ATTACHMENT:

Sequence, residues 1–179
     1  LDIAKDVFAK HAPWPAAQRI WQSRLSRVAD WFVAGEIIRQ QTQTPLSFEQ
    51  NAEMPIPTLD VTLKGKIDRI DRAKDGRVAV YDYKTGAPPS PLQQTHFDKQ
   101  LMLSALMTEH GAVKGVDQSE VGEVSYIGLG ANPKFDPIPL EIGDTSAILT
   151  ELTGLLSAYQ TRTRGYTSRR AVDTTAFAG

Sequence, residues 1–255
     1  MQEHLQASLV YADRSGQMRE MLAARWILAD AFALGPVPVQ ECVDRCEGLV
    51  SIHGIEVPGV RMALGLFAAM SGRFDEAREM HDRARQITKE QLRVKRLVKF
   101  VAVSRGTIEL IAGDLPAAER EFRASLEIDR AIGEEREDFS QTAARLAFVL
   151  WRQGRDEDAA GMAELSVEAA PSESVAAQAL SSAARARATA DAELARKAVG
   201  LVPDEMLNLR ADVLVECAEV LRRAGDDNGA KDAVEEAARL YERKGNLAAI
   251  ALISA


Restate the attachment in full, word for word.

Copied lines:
Sequence, residues 1–179
     1  LDIAKDVFAK HAPWPAAQRI WQSRLSRVAD WFVAGEIIRQ QTQTPLSFEQ
    51  NAEMPIPTLD VTLKGKIDRI DRAKDGRVAV YDYKTGAPPS PLQQTHFDKQ
   101  LMLSALMTEH GAVKGVDQSE VGEVSYIGLG ANPKFDPIPL EIGDTSAILT
   151  ELTGLLSAYQ TRTRGYTSRR AVDTTAFAG

Sequence, residues 1–255
     1  MQEHLQASLV YADRSGQMRE MLAARWILAD AFALGPVPVQ ECVDRCEGLV
    51  SIHGIEVPGV RMALGLFAAM SGRFDEAREM HDRARQITKE QLRVKRLVKF
   101  VAVSRGTIEL IAGDLPAAER EFRASLEIDR AIGEEREDFS QTAARLAFVL
   151  WRQGRDEDAA GMAELSVEAA PSESVAAQAL SSAARARATA DAELARKAVG
   201  LVPDEMLNLR ADVLVECAEV LRRAGDDNGA KDAVEEAARL YERKGNLAAI
   251  ALISA